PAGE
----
I recently purchased an SSD to speed up my computer experience. Before, I had Windows 7 and Ubuntu in a dual-boot system. The plan was to install Windows 8 on the SSD and then set aside ~30GB for the system files of Ubuntu.

I installed Windows 8 just fine on the SSD, then I booted the Ubuntu install CD to make my partitions like always - but GParted tells me the entire SSD is unallocated. Now I am afraid I will lose my Windows installation if I try to do anything to it.

Why does GParted think there is no partition on the SSD? Shouldn't it be 4 Partitions, like the Windows installer told me?

And is it possible to ignore this and install Ubuntu on the hard disk (where it, frankly, already is) and somehow make it possible to install GRUB on the SSD to revert my dual-boot system without damaging the installed Win8?

  • What format are those partitions? Run sudo parted -l to find out. If you have GParted on the live cd, try formatting the non-windows ones too an ext filesystem. And then try and install. The problem may be Windows 8 formatting the disk, not the SSD. – Wilf Nov 3 '13 at 21:19
  • @wilf: The partitions on the HDD are as I left them - ext4 and NTFS for linux and windows, respectively. – Lanbo Nov 3 '13 at 21:24
  • Did you format the disk using GParted before installing Windows 8? – Wilf Nov 3 '13 at 21:27
  • @wilf: No, of course not, I only installed Windows 8 on the SSD, nothing else. Never touched the HDD for the process. – Lanbo Nov 3 '13 at 21:30
  • You could always wipe the disk and Create a new (msdos) Partition table - though this will wipe Windows 8. Then, after that, see if the Ubuntu installer can detect the disk before you install Windows 8 (just don't press INSTALL). I generally reformat disks as the original formatting is not always the best. Can't think of much else, sorry. Adding a screen-shot of GParted and some of the disk info may help. – Wilf Nov 3 '13 at 21:46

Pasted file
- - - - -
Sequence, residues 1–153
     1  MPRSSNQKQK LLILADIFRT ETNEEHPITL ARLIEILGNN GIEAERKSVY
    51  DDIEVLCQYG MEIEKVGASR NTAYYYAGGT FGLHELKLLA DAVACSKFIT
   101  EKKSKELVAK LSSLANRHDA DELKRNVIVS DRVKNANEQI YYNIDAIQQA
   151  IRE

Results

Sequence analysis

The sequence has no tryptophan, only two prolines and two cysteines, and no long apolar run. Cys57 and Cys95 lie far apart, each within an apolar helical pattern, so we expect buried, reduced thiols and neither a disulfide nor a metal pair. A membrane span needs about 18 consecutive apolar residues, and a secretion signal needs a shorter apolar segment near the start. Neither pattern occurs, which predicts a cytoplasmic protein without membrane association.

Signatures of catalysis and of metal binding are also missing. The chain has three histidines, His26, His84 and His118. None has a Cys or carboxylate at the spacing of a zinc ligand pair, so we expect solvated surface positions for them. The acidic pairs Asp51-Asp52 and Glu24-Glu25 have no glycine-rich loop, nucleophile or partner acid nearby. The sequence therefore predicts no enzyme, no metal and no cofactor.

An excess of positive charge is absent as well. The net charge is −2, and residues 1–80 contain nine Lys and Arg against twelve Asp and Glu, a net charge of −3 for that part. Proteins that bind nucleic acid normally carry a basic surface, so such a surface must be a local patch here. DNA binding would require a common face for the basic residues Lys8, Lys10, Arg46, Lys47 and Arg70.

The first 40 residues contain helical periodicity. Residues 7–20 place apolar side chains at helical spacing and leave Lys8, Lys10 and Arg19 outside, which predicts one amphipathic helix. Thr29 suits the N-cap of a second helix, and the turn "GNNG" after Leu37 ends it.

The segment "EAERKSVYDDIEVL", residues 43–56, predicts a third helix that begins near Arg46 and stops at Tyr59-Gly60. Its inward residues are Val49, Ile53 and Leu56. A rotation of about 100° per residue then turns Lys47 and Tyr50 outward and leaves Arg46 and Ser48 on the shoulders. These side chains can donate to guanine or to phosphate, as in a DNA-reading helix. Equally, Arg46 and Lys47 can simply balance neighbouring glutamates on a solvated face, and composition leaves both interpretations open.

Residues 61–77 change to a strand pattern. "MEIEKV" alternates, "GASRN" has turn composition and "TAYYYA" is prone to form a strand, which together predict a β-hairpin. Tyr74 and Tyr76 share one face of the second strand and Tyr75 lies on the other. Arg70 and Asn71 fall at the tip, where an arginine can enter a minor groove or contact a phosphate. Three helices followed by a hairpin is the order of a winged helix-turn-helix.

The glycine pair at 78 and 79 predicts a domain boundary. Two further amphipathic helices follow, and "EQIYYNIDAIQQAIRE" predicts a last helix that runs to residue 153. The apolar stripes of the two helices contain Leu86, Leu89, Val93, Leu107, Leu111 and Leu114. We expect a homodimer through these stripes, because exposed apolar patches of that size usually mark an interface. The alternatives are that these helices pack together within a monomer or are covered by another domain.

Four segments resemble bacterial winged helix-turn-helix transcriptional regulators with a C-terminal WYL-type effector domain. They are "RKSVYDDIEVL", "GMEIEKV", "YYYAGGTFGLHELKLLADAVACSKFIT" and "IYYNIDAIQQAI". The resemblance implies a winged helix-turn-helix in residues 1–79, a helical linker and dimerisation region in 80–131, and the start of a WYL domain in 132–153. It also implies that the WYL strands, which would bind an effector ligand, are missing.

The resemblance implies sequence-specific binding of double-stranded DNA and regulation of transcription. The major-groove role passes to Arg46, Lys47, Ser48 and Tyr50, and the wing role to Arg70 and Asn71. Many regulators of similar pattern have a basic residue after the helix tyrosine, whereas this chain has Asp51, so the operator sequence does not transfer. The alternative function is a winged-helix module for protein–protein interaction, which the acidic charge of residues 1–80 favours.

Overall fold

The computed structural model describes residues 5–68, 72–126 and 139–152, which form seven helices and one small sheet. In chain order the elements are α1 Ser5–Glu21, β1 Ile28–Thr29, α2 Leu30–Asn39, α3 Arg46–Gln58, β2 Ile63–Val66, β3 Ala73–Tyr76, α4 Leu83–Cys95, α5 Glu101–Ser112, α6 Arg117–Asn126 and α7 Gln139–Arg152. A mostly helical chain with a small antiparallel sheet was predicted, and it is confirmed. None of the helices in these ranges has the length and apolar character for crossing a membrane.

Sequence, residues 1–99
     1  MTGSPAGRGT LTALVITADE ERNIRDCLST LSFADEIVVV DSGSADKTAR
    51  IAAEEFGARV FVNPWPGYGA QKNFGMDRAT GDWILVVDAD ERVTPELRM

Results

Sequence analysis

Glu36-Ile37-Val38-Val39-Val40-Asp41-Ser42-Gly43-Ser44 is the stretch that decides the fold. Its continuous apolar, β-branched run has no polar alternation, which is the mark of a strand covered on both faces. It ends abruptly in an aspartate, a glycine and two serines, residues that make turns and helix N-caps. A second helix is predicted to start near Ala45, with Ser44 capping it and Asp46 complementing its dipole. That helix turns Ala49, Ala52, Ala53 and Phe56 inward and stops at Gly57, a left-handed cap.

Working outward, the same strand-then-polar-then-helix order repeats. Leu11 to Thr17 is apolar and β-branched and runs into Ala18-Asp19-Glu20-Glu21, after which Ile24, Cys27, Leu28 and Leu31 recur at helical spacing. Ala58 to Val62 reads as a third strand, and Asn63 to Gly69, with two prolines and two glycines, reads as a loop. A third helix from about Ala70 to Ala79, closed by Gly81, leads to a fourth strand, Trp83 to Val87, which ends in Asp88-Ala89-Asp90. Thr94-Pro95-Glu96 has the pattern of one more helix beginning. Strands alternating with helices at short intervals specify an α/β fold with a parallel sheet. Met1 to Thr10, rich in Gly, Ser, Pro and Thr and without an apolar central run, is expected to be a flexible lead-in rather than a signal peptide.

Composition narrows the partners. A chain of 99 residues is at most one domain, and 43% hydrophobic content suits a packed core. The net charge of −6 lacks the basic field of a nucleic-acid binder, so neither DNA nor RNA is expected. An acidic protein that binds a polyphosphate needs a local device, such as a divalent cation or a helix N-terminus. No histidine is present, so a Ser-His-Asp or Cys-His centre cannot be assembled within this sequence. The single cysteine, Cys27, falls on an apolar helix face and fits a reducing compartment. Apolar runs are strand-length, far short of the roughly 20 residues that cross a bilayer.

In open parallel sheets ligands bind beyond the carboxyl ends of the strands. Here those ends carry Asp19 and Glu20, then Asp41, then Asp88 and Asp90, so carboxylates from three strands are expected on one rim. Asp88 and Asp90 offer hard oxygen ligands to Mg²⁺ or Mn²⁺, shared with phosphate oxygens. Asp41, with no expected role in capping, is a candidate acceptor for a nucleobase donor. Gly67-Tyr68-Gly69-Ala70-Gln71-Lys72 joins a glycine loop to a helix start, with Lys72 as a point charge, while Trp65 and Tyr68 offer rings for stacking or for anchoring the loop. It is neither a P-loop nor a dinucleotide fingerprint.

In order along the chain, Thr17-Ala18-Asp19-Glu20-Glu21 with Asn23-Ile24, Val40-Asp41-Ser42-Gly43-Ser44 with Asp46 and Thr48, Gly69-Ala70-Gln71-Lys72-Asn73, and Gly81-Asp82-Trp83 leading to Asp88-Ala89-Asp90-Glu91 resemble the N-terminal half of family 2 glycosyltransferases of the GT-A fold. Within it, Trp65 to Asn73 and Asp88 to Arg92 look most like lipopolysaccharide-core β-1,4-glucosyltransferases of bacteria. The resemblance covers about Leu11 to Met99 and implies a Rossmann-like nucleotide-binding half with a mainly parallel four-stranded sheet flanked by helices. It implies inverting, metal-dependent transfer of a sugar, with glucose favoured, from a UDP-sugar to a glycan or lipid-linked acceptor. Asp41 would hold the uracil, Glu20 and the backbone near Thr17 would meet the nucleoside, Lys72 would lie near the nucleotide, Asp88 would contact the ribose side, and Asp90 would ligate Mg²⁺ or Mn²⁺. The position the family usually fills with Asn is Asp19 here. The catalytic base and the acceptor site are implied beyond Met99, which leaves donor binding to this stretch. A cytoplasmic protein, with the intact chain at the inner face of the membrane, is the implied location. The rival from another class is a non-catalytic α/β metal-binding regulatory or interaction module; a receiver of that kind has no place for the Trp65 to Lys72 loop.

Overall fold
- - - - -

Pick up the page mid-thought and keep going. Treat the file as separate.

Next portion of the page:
This symptom is usually caused by one of two problems:

  • Leftover software RAID data -- If the disk had been (or is being) used with software RAID, leftover RAID data can confuse the Ubuntu installer. You can usually fix this problem by typing sudo dmraid -E -r /dev/sda; however, you should be very sure that you're not currently using software RAID. If you erase RAID data when the system is actually using RAID, the result can be problems accessing your disk at all.
  • A damaged partition table -- The libparted library (upon which the Ubuntu installer relies) is extremely sensitive to partition table problems. If any exist, it usually reports the disk as being empty. My FixParts program (part of the gdisk package in Ubuntu) will correct many of these problems in an automatic or semi-automatic mannger; see its Web page for details. Other problems may require more specialized and manual repairs. If you think this is the source of the problem and if FixParts can't fix it or if you're wary of using FixParts, post the output of sudo fdisk -l /dev/sda. (Add four spaces to the beginning of each line of that output to preserve columnar output.) If the disk uses GPT rather than MBR partitions, type sudo sgdisk -v /dev/sda and post the output here. (Both FixParts and sgdisk are part of the gdisk package in Ubuntu.)
  • will try that tomorrow, bit in distress right now – Lanbo Nov 4 '13 at 18:43

Your Answer

By clicking “Post Your Answer”, you agree to our terms of service, privacy policy and cookie policy

Not the answer you're looking for? Browse other questions tagged or ask your own question.